Everything you always wanted to know about the parameterized complexity of Subgraph Isomorphism (but were afraid to ask) [article]

Dániel Marx, Michał Pilipczuk
2013 arXiv   pre-print
Given two graphs H and G, the Subgraph Isomorphism problem asks if H is isomorphic to a subgraph of G. While NP-hard in general, algorithms exist for various parameterized versions of the problem: for example, the problem can be solved (1) in time 2^O(|V(H)|)· n^O((H)) using the color-coding technique of Alon, Yuster, and Zwick; (2) in time f(|V(H)|,(G))· n using Courcelle's Theorem; (3) in time f(|V(H)|,(G))· n using a result on first-order model checking by Frick and Grohe; or (4) in time
more » ... ))· n^O((G)) for connected H using the algorithm of Matoušek and Thomas. Already this small sample of results shows that the way an algorithm can depend on the parameters is highly nontrivial and subtle. We develop a framework involving 10 relevant parameters for each of H and G (such as treewidth, pathwidth, genus, maximum degree, number of vertices, number of components, etc.), and ask if an algorithm with running time f_1(p_1,p_2,..., p_ℓ)· n^f_2(p_ℓ+1,..., p_k) exist, where each of p_1,..., p_k is one of the 10 parameters depending only on H or G. We show that all the questions arising in this framework are answered by a set of 11 maximal positive results (algorithms) and a set of 17 maximal negative results (hardness proofs); some of these results already appear in the literature, while others are new in this paper. On the algorithmic side, our study reveals for example that an unexpected combination of bounded degree, genus, and feedback vertex set number of G gives rise to a highly nontrivial algorithm for Subgraph Isomorphism. On the hardness side, we present W[1]-hardness proofs under extremely restricted conditions, such as when H is a bounded-degree tree of constant pathwidth and G is a planar graph of bounded pathwidth.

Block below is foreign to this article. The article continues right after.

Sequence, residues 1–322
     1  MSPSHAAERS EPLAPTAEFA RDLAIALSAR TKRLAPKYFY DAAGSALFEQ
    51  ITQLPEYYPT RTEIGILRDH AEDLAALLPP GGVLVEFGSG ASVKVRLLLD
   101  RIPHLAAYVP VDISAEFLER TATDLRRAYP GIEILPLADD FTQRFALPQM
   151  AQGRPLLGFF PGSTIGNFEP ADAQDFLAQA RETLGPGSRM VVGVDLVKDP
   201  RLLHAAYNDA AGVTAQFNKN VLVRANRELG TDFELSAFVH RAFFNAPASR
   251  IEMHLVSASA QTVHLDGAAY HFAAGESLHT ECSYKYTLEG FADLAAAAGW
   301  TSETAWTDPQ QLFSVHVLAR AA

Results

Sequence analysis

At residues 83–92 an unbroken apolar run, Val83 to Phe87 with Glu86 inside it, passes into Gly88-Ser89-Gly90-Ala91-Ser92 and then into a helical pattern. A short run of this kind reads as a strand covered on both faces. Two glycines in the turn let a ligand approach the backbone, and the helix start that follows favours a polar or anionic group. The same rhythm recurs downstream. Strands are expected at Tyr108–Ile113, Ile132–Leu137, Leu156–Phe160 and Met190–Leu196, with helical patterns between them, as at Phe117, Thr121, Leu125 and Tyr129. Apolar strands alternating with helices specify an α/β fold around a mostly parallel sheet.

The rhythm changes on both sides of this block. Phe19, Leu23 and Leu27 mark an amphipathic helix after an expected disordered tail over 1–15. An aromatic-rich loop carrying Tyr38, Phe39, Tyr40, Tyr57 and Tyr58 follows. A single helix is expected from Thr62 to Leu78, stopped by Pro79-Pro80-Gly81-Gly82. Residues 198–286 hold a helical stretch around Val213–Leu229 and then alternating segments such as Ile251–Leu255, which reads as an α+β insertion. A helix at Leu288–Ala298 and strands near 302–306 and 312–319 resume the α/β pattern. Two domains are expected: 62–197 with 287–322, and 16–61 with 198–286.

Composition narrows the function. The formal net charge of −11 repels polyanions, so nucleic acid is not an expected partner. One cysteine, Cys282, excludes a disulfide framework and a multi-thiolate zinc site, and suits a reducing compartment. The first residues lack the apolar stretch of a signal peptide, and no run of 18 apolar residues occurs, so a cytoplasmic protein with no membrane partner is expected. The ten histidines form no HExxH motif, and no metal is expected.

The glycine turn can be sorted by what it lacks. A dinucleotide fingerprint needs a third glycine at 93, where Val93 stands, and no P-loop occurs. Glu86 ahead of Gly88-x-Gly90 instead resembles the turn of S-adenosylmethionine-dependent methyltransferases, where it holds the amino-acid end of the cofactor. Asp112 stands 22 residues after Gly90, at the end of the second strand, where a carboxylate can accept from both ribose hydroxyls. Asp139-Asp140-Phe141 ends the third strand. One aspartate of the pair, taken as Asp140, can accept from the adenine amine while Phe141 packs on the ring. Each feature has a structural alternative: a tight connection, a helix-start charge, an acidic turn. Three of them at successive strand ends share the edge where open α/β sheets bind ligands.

arXiv:1307.2187v3 fatcat:jbzjhag5d5cgdj6sed7q5hv4om